In particular, he could not have foreseen that in April 2015, his grandson Robert (Smith), great grandson Todd and great great grandson Emmett, all of Newcastle, would travel to Turkey to commemorate the Gallipoli landing in which he participated on 25 April 1915.
Arthur served overseas for the duration of the war, and the “Afric”, as Robert Smith says, was “the first boat that actually left Australian shores to participate”. It sailed to Albany to join the rest of the fleet, and thence to Egypt. Arthur’s service number, 293, indicates that he was one of the earliest men to enlist; clearly he did not hesitate to put his hand up to serve his country.
Ironically, it’s only since Todd Smith, 35, determined that he would enter the ballot to be present at the ceremonies marking the centenary of Anzac Day, that the family has discovered a great deal about its accomplished ancestor.
“We’ve learned more in the last year than we knew in all the previous years,” said Robert. “Pop was there for the entire Australian involvement; he was at Gallipoli, followed by the Somme, followed by Egypt.” Arthur talked little about the war, and given that he lived to be 78, perhaps the years 1914-18 receded in his mind as he married Elsie, established a home and raised four children.
Once Robert and Todd begin telling stories about Arthur, one tale leads to another and it’s delightful to witness a father and son enjoying their shared history, while little Emmett plays in the background, oblivious, at nineteen months, to his heritage. “I think it’s interesting that you’re finding out at the same time I am – and I actually knew the bloke!” says Robert to his son.
As Todd explains, “We’ve never been told much about that side of the family and so this is part of the experience of preparing to go to Turkey. Emmett, though, will grow up knowing his history, in a way that I didn’t.” However, Todd has long had an interest in the War and has clear memories of attending Anzac Day services as a child and a younger man. He will certainly never forget Anzac Day 2015.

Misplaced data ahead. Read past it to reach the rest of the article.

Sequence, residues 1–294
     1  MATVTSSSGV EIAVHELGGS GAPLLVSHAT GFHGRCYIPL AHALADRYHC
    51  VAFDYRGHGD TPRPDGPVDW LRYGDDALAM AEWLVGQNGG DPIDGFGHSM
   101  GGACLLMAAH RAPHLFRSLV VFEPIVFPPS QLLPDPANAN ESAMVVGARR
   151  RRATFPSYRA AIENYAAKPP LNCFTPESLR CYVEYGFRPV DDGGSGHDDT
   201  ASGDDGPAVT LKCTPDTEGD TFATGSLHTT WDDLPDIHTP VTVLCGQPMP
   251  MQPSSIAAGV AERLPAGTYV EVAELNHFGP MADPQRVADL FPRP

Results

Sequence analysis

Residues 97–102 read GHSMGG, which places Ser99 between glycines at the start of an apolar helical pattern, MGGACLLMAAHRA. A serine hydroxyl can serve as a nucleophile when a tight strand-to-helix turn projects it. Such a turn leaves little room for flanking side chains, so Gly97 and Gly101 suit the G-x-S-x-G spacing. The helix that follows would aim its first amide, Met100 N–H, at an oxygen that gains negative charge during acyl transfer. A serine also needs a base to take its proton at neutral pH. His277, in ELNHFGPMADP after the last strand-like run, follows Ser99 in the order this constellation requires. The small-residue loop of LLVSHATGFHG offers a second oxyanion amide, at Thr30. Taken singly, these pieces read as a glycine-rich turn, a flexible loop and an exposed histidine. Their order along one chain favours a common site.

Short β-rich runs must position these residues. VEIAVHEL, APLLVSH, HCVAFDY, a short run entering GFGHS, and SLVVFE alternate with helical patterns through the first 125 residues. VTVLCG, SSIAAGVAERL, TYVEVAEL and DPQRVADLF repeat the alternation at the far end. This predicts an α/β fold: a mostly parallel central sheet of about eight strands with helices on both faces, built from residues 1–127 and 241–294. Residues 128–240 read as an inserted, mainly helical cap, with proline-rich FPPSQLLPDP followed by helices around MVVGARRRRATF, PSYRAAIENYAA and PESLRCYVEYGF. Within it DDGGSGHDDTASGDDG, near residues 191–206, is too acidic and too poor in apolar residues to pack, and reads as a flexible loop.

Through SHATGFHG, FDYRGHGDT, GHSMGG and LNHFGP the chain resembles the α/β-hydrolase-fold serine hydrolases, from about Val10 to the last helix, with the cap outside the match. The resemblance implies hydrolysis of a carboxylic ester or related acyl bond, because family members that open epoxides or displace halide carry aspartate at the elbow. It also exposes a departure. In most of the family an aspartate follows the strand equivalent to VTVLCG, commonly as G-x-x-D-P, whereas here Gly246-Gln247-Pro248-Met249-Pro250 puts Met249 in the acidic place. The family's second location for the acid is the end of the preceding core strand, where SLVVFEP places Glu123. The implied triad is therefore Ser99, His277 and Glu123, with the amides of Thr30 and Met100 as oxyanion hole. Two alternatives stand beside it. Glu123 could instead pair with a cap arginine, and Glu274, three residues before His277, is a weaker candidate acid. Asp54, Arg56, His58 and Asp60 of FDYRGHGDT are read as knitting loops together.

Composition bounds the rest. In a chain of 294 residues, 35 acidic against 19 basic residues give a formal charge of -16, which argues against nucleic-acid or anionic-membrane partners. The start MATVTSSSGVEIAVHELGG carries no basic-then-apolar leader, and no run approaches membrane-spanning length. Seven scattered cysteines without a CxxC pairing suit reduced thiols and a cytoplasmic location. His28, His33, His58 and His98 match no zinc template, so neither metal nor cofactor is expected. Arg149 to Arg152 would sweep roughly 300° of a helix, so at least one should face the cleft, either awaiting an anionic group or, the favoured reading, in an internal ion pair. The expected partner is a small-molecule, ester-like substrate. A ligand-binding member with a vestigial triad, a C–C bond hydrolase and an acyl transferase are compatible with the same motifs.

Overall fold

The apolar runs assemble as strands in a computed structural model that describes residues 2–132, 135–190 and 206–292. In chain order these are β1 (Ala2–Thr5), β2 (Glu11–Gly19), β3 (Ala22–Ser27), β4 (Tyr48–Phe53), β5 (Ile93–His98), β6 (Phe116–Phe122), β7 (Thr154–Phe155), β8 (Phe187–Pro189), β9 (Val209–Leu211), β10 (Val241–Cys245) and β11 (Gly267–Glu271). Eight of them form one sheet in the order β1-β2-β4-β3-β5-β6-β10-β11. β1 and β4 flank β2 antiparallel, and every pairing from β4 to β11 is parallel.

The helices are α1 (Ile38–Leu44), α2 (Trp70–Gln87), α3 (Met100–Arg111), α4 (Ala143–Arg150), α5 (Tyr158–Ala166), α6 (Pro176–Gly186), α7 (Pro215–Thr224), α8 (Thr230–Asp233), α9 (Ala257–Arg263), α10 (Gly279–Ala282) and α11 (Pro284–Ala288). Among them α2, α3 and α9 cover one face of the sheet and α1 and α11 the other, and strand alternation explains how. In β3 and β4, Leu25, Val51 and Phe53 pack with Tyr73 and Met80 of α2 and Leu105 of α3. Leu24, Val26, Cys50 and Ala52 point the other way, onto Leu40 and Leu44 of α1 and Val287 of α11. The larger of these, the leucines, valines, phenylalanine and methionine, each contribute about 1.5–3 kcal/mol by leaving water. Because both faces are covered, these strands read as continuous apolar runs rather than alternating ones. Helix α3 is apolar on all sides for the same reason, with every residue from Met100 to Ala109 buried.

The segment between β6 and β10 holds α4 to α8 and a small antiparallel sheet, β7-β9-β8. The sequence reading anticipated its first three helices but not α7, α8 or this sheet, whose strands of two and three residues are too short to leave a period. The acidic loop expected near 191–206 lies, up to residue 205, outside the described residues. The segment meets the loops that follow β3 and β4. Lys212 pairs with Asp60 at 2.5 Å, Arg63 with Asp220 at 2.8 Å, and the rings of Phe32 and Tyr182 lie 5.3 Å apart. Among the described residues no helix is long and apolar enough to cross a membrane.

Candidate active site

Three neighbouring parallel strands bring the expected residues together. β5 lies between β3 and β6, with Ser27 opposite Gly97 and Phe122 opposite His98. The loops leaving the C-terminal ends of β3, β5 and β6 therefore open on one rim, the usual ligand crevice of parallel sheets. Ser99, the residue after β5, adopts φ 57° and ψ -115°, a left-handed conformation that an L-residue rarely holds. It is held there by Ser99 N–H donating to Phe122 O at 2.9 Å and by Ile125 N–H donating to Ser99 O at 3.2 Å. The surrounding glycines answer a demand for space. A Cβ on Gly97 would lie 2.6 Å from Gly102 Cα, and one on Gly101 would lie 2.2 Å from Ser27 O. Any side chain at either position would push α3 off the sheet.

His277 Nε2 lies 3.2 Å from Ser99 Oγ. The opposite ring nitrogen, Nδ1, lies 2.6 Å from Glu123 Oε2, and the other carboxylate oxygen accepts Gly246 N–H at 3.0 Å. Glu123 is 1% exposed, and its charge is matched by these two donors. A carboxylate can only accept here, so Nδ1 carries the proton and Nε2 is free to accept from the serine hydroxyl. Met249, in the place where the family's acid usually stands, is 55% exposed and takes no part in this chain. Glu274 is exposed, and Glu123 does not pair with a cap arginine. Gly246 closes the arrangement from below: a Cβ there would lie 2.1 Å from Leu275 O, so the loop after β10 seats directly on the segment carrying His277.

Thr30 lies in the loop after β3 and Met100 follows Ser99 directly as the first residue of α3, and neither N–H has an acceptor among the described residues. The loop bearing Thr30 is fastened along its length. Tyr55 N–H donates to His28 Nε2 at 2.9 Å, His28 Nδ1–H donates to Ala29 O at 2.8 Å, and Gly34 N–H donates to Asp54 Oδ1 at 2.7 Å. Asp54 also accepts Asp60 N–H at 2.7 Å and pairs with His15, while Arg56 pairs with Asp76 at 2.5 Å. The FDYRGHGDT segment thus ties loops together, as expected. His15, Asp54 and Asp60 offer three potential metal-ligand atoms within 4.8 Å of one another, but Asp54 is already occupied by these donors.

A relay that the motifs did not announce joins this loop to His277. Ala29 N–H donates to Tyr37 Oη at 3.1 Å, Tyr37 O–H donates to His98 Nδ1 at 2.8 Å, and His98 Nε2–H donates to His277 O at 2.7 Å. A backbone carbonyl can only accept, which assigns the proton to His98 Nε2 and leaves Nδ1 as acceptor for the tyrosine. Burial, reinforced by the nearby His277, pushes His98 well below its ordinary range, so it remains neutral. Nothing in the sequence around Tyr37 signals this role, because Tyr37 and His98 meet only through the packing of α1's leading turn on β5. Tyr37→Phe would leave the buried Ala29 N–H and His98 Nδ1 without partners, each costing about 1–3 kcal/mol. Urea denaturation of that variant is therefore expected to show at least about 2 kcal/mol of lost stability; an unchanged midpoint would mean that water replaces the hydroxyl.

Todd and Robert both entered the ballot for selection to go to Turkey; Todd was successful, receiving two tickets. He offered the second to his Dad, who was quietly chuffed. Todd’s wife Sophie, along with Emmett and Todd’s mother Jann, will travel together to Turkey, and while father and son are present at Anzac Cove, the rest of the family will watch offshore. Robert would have loved his mother, Betty (Arthur’s daughter), to join them but her health would not allow. However, she is the proud custodian of Arthur’s medals: 1914-15 Star, British War Medal, Victory Medal and Anzac Medal.
One of the discoveries of this research, led by Robert’s sister, Heather,is the fact that Arthur was recommended for the Military Medal. As a driver in the 1st Divisional Train Company, he had saved many lives by transporting the wounded, often under fierce enemy fire, to safety. However, the medal wasn’t awarded because no suitably senior officer witnessed Arthur’s achievement.
While preparing to travel to Anzac Cove, Todd and Robert have reflected, not only on their ancestor’s military service, but also on the significance of Gallipoli and other campaigns in Australia’s growth as a nation. “As well as their war service, those men came home and worked to build Australia, and I think we started to become more independent from Britain and more mature,” said Todd. It’s common to hear of returned servicemen who rarely spoke of the war years, suggesting that their focus was fixed on the future rather than on the past.
Families across Australia and New Zealand are making preparations for similar Anzac pilgrimages, just like the Smiths, and no doubt new stories are being discovered and old ones retold. While the sacrifice and suffering of what was, in military terms, a disaster, is very much part of the story, the Smiths are being drawn closer by sharing the past in order to enrich their family’s future.